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I've heard that nevuah ended about 2000 years ago when the last neviim died. But I've also heard that Rashi had some kind of nevuah. If he didn't, then how could Rashi know so much hidden knowledge about the Torah without nevuah? Did nevuah actually end?

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    Can you provide examples of how could Rashi know so much hidden knowledge about the Torah? Mostly it's paraphrasing Midrash and/or Targum Jonathan/Yerushalmi. – Danny Schoemann Feb 4 '16 at 10:42
  • Rashi's hidden knowledge is not neccesarily a function of any form of Nevuah. Besides the Medrashim he quotes constantly, Rashi was the heir to a rich oral tradition dating back to...Sinai. That is what he learned in the German schools, and that is what he based his commentary on. – LN6595 Feb 4 '16 at 20:46
  • @LN6595 rashi's mesorah is a bit of an open question. It can be reliably traced to Yehuda HaKohen ben Meir, at which point it becomes contentious. judaism.stackexchange.com/a/29145/9629 – ShamanSTK Feb 4 '16 at 22:31
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Unfortunately, indeed we do not have prophets today, and Chazal say that the last prophets were Hagai, Zecharia and Malachi.

Rashi's momentous perush on most of the Bible and most of the gemara speak for themselves, however here are a few quotes (loose translations by me, except for the last Rashi) about his special work (this list can go on forever):

The Shla:

כי בכל דיבור ודיבור של רש"י יש בו נסתרים, עניינים מופלאים, כי חיבר החיבור שלו ברוח הקודש.‏

Because each and every word by Rashi contains hidden and wonderful things, as he composed his perush with Ruach HaKodesh.

The Chida:

ומכלל הדברים נראה שרש"י כתב פרושו ע"פ הסוד ויש בדבריו רזין עילאין ולכן התענה תרי"ג תעניות ומשה רבנו עליו השלום אמר לו אשריך וכו'.‏

And it seems that Rashi wrote his commentary based on the Torah Secrets (sod), and it contains heavenly secrets (razin ilain), and therefore he fasted 613 fasts, and Moshe Rabbenu said to him 'well done' (ashrecha).

Or HaChayim (BeMidbar 26, 16):

ורש"י ז"ל רוח הקודש הופיע בו...‏

Rabbi Nachman of Breslev:

שרש"י זכרונו לברכה הוא כמו אחיה של התורה הקדושה...‏

That Rashi z"l is like the brother of the holy Torah.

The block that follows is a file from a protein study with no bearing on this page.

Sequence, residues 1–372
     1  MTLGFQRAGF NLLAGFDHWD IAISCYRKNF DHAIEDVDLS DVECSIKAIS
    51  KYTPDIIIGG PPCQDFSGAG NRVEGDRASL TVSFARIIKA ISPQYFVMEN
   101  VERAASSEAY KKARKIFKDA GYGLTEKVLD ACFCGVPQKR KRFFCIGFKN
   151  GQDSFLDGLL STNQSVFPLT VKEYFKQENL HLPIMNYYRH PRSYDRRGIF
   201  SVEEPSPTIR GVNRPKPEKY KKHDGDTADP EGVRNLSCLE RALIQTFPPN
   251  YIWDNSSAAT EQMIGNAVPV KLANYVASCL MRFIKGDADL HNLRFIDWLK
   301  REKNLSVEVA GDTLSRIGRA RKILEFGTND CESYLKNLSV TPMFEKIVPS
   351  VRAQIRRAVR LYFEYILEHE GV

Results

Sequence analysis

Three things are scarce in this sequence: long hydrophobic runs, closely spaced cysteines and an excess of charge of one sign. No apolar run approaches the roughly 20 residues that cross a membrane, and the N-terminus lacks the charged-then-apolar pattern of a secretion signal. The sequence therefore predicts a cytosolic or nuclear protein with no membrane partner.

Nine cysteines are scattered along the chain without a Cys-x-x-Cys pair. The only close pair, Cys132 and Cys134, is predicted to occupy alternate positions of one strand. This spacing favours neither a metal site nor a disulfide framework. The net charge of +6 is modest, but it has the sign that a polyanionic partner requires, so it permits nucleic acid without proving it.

Rabbi Menachem ben Zerach, Tzeda LaDerech:

ושרתה רה"ק על רבינו שלמה וגברה ידו בגמ' וחבר פירושים על הבבלי בלשון צח וקצר אשר לפניו לא קם כמוהו ואלמלא הוא נשתכחה דרך הבבלי מישראל.‏

And Ruach HaKodesh lay on Rabbenu Shelomo and his hand was strong in the gemara, and he composed commentaries on the Bavli in a short and clear tongue, and there was no one like him before, and without him the Bavli would have been forgotten from the people of Israel.

And we can conclude with Rashi on himself:

ואני לא היה לי לא רב ולא עוזר בכל הבנין הזה אלא כמו שהראוני מן השמים

And I had no teacher or aid concerning this entire edifice; only as they showed me from heaven.

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    But is that Ruach HaKodesh the same as Nevuah? – Gabriel12 Feb 4 '16 at 11:40
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    No, it isn't. That's why I started off with the fact that there's no prophecy today (nor was there in Rashi's time). But one could think of Ruach HaKodesh as a lesser level of prophecy. – Cauthon Feb 4 '16 at 11:42
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    @ShamanSTK I didn't mean to give a complete overview of Rashi and how he is considered in the eyes of Chachmey Yisrael, only to convey that even though he wasn't a prophet, many consider him to have had ruach hakodesh. Of course, many commentators disagreed with him as well (Tosfot, Ramban, Ibn Ezra, and more). Having ruach hakodesh by the way does not mean that the truth lies only there, as we learn from "לא בשמים היא" etc. – Cauthon Feb 4 '16 at 19:31
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    @ShamanSTK I disagree. The term ruach hokodesh is used in many places with different meanings. There's the halacha point of view that you mentioned, but there are also philosophical ideas that were conveyed under the influence of ruach hakodesh, yet even so they are contested (Rabbi Yossef Karo's Magid, and others). The ruach hakodesh you mentioned (Ketuvim) is a higher form which is considered closer to prophecy. Some gedolim say that rabbis today may have ruach hakodesh, and of course they don't mean the same as the "Ketuvim".. – Cauthon Feb 4 '16 at 19:57